created in Erica Fielder Studio, please visit:

For information on the Bird Feeder Hat
Interpretive Project, and how to make your
own Bird Feeder Hat, go to:

Erica Fielder Studio
P.O. Box 1075,
Mendocino, CA 95460


Mendocino Headlands Peregrine Falcons

Rick Harris <birdmanofthewoods@...>

Was watching the resident western gull couple today at the Mendocino Headlands when a peregrine falcon war broke out. All the gulls dived for cover and became invisible. I then watched as two peregrines proceeded to go at each other right in front of me. Things happened fast and furious as they dived at each other stooping and dodging at incredible speeds. The one getting stooped on would invert at the last moment and try to grab the antagonist's talons. At one point they actually grappled for a second or two. Much vocalization which was quite loud and "harsh". Sibley's "rehk rehk rehk..." doesn't really do it justice.

One of the two was definitely the dark morph juvenile I've been watching for a couple of months. A.k.a "Gull Killer" who has claimed Bird Rock as home. I'm wondering though if this wasn't more than just a territorial thing but might have be the way peregrines flirt in the Spring. Wouldn't it be nice if it was a mating dance and there might be some nesting near Bird Rock? I don't know enough about peregrines to say, but if this is the way they court, I wouldn't want to go on that date.


Glaucous Gull at Laguna Point

Charlene McAllister

Toby Tobkin reported a GLAUCOUS GULL in the gull flock near the parking area
for Laguna Point at MacKerricher State Park.

She noted that it is likely a second winter bird, but may be first winter.

Charlene McAllister

P.O. Box 332

Little River, CA 95456-0332


cell: 707-832-2135

Varied Thrush Irruption?

Rick Harris <birdmanofthewoods@...>

We seem to be having a lot of varied thrushes right now over here on the coast (irruption?). At least in my neck of the woods. Along with these varied thrushes is an increase in sharp-shinned hawks that seem to be preying on them heavily. Report from up the road reports the sharpies chase nothing else. Makes me think where were the sharpies when all the American robins were here? I think maybe the varied thrushes are easier to catch.

Rick Harris

2/14 UWTP: Swamp Sparrow, Ross's Goose

Chuck & Barbara Vaughn

Greetings Mendobirders- I was able to get out to the Ukiah Wastewater
Treatment Plant late this morning, after the rain, for some birding. Of
local interest were the continuing SWAMP SPARROW and a ROSS'S GOOSE. The
sparrow was on the north edge of the sludge pond in the area where the
sludge dredge, the SS Noyd, is usually moored between water ski runs. The
goose was with about 25 Canada Geese on the north pond. Later I watched
them all fly south along the river. Both Steve and Ken told me that they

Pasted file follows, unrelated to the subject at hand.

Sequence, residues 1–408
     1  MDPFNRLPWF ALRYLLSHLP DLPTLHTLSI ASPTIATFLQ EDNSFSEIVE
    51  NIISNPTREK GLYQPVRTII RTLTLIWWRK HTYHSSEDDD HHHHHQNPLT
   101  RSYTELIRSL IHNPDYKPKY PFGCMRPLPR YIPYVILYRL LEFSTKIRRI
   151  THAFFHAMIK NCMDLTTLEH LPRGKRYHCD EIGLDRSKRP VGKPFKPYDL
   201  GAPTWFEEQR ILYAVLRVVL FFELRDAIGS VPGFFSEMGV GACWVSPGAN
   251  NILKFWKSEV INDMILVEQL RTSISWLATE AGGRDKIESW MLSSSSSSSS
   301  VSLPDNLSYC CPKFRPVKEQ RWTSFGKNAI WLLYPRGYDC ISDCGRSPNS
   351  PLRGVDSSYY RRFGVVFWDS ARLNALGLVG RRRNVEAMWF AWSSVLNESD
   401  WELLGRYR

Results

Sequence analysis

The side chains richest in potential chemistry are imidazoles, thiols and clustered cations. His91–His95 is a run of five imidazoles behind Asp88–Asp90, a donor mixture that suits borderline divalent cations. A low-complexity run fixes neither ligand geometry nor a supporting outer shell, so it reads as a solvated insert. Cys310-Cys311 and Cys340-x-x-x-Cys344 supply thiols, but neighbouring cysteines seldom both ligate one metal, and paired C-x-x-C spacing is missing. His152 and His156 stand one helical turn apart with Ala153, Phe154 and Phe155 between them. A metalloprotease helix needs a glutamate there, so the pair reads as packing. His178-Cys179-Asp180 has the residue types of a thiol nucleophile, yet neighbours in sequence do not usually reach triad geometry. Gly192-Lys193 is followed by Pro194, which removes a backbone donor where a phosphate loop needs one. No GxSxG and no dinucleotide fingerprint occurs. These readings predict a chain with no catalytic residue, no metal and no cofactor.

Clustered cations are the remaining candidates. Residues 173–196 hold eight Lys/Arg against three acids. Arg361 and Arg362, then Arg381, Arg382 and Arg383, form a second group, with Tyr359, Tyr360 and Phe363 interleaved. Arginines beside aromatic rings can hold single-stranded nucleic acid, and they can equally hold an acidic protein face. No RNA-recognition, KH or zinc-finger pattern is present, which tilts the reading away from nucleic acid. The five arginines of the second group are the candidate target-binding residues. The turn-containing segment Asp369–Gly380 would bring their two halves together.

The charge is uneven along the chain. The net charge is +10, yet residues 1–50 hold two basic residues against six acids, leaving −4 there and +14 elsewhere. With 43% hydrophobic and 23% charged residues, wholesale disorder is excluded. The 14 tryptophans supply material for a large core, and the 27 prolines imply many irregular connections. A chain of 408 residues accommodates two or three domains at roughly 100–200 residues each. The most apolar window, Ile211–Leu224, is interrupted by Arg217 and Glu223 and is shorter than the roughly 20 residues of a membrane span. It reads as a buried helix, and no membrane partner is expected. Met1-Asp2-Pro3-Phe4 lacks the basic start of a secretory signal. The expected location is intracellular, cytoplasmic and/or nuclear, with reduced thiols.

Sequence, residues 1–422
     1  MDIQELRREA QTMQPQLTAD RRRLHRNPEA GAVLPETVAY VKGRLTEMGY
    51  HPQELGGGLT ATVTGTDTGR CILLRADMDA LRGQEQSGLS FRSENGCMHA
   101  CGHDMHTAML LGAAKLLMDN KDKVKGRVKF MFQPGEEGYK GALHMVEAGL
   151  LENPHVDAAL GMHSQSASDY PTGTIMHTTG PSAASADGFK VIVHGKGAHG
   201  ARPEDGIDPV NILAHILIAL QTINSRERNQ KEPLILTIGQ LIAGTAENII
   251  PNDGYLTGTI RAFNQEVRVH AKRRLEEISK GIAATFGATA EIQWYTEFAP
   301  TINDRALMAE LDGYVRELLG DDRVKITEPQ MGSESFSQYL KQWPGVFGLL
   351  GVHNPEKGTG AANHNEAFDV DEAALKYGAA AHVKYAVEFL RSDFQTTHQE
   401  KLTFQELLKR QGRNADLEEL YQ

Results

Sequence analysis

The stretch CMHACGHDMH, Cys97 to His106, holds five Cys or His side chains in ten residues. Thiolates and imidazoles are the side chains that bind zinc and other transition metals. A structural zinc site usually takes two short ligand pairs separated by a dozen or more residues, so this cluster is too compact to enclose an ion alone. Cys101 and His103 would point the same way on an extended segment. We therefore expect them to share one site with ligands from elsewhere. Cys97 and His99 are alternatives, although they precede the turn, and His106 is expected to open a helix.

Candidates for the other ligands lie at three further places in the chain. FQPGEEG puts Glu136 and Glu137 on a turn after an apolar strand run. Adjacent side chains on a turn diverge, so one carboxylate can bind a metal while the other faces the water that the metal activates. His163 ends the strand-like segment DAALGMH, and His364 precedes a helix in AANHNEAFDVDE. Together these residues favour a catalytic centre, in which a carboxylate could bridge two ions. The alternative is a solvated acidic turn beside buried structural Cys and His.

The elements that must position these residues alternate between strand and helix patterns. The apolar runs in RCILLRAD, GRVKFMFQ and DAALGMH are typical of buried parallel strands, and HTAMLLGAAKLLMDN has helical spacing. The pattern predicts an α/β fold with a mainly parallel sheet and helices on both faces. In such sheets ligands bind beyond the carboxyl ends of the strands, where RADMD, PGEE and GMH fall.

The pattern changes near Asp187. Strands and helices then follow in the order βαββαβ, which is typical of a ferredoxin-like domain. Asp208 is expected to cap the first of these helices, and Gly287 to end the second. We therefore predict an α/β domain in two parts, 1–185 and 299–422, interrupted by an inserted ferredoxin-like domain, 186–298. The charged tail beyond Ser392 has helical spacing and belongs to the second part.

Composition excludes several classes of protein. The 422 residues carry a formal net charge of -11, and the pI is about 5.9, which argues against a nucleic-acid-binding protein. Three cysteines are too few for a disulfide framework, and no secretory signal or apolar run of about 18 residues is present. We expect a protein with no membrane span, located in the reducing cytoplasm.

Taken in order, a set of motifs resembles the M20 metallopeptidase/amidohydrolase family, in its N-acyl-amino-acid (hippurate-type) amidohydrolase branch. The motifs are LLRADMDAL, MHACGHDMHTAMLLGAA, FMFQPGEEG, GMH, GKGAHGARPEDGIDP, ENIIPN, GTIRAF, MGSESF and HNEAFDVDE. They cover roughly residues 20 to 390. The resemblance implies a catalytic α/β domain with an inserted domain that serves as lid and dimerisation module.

had first seen the goose early this morning.


Chuck and Barbara Vaughn
Ukiah, CA

Peregrine Program Th, Feb 17: Awesome Oaks, Habitat, Not Just Wood

Roger Foote

Awesome Oaks, Habitat, Not Just Wood

Oaks are mighty and majestic, historic and memorable, but also overlooked
and ignored. Greg Giusti will tell us about these familiar trees at this
months Peregrine Audubon program on Thursday, February 17 at 7 p.m. in the
Ukiah Civic Center. Giusti says its not about oak trees, its the oak
forest, its structure and composition, which provides for multiple animal
communities. It is about habitat, habitat, habitat.

He points out that after 150 years growing hops, prunes, pears and, now,
excellent grapes we are left with only remnants of the previous almost
ubiquitous oak woodlands. Are these pieces still viable? What benefit are
they to us? What can we do as a community? Is there a role for the

Giusti believes that we all have a part to play and education is vital. The
more people who understand the importance of these forests and how they
contribute to our quality of life, the better chance we have to enjoy the
remaining oak woodlands for the next 150 years.

Currently, Greg Guisti is the Forest and Wildlands Ecology Advisor in
Mendocino and Lake Counties and the director of Lake County UC Cooperative
Extension. He was a guest lecturer at Stanford and worked as a biologist at
the Marine Ecological Institute. He has advised on many wildlife problems
from bears to squirrels.

This Peregrine Audubon sponsored presentation is free to the public, though
donations will be welcome. The Ukiah Civic Center is located at 300 Seminary
Avenue. To support Peregrine Audubon Society and receive a newsletter with
regular announcements about programs and field trips, please send $20 to
PAS, P.O. Box 311, Ukiah, CA 95482. For more information on a wide variety
of topics related to birding and conservation in Mendocino County please go

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South Coast, Feb 12

George Chaniot

Sat, 12 Feb 2011 -- The Peregrine Audubon field trip to the south Mendocino
coast found a few of the continuing rarities : 3 LEWIS'S WOODPECKER on and
near power poles 119 and 120 on the Ukiah-Boonville Road, 3 PACIFIC
GOLDEN-PLOVERS on the lawns near the Point Arena lighthouse, 2 SANDHILL
CRANES seen from the bluff at the mouth of the Garcia River, at least 32
TUNDRA SWANS at Brushy Creek seen from Bristol Lane. The famous albatross
did not appear during our two visits to Arena Cove, but it was reported
yesterday, Feb 11.

George Chaniot
Potter Valley, MEN, CA

Golden Eagle in Potter Valley

cdlcruz <cdlcruz@...>

This afternoon Angie Meroshnekoff watched a Golden Eagle resting in the redwood tree in her backyard at White Dog Ranch. After the crows harassed him for a while, he flew off.

Lakeside County Park

jerry white

This morning there was a Bald Eagle, the Yellow-bellied Sapsucker, and a Common Moorhen which was in the slough on the west side of the park.
On the drive out on Park Drive, Brad and Kathy Barnwell were parked on the side of the road and had found 2 Golden Eagles flying over. Jerry White

Snowy Plovers and a Tree Swallow

Richard Hubacek

Thu Feb 10, 2011--On this wonderful sunny winter day I walked from Ward Ave to Fen Creek. I counted 31 SNOWY PLOVERS along the way. Most (27) were near the "Snowy Plover Protection Area". 3 were near Fen Creek. They out-numbered the Sanderlings 2 to 1. There were at least two banded Snowys, the new "Pink Lady" and a "RED Lady".

While at Fen Creek a TREE SWALLOW flew over going North.

Richard Hubacek
Little River